Read as an entire work

Once your words, sentences, paragraphs, and chapters all feel like they’re pointing in the same direction, it’s time to review your writing from top to bottom and see if things work in that context, too.

At this stage, look for matters of internal consistency. Was your character born in 1979 in one chapter, but 1983 in another? Do your character’s reactions to adversity feel real and believable across your entire narrative? Do the characters, events, and overall story evolve as you want them to from beginning to end? Does every chapter truly feel like it’s part of the same book?

If you hit points in your text that give you pause, it may be unclear where the appropriate fix lies. I’ve encountered rough spots where changing a single word smooths everything out; other times, rearranging or rewriting multiple chapters is needed. Make sure to experiment, save multiple drafts, and keep your mind open to whatever direction makes your entire work feel the most complete and true to your vision.

A final note

Following the above strategy, layer by layer, may seem like a lot of work. It can be. And to be honest, I don’t strictly follow this strategy for every piece I write. I do go through these steps with meticulous care, though, on writing projects that give me the most trouble and ones that particularly inspire me. But however it manifests, I can absolutely say that the idea of multi-layer editing has made my writing — all of my writing — stronger.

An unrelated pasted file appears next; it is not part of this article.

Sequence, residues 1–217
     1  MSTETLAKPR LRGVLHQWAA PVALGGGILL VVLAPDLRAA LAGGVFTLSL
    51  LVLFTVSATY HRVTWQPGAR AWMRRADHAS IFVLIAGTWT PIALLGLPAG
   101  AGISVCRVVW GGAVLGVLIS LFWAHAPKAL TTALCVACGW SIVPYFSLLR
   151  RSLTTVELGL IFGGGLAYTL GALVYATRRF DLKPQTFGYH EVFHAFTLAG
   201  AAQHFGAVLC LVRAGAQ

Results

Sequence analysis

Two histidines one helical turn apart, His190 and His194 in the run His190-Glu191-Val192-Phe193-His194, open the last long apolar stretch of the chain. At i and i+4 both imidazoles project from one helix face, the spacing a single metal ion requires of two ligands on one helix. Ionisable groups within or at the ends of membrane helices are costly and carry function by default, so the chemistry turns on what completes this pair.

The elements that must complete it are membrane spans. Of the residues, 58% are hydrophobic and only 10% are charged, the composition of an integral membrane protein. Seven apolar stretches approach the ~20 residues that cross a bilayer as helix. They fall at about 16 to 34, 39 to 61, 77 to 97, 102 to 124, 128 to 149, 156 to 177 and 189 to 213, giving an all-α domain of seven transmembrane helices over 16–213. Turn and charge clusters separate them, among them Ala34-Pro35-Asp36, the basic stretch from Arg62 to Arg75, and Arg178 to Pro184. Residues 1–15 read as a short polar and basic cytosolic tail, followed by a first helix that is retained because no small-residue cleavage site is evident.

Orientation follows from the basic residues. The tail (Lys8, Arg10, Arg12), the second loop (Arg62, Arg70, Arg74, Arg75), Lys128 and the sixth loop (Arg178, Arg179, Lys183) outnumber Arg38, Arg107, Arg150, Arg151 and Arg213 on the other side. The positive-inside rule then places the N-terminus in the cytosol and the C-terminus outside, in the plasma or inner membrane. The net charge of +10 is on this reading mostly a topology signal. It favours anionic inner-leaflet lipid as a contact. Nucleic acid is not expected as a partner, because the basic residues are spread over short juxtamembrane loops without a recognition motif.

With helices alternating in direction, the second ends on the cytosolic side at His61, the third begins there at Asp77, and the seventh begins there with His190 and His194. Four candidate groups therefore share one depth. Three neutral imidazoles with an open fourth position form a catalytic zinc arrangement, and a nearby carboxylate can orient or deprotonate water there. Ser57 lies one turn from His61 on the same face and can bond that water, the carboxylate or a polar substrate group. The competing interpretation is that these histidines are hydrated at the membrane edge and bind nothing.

As you figure out how to evaluate and edit the different levels of your own work, keep in mind that the specifics of your strategy are not the key point here. Rather, being mindful of your work’s impact, implications, strengths, and weaknesses — at the microscopic, medium-range, and macroscopic levels — will make you a more powerful and versatile writer, no matter what the context or subject.


  1. This is an excellent article! Thanks so much. I will share it with my clients. Often people who write and self-publish for the first time have little idea about what good editing entails. This describes it so well

  2. Thanks for the simple steps provided! I’m about to release my novel this summer (15 years in the making).

    Take Care
    Michael Daan Sloan,
    “Love, Horror, and Coffee Shops

    • Hi Wendy, it’s a good question – thanks for posting. The big reason is that, for me, if the individual sentences don’t work unto themselves, the chapter as a whole doesn’t work either. Granted, I try to make sure that my chapter is in at least semi-decent shape before I go granular editing the sentences, but when I go through my final multi-layer edit, I have definitely found that starting small and looking more broadly from there works best for me. It sounds like you prefer a different approach — can you please share? I’d be intrigued to hear how you approach multi-layered editing in your own work.

  3. A novel is made up of chapters which require strict consistency. You ‘re quite right that whatever prose work one writes must have consistency in style,locale and characterisation. A woman cannot be black in chapter2 then she is white in chaper5.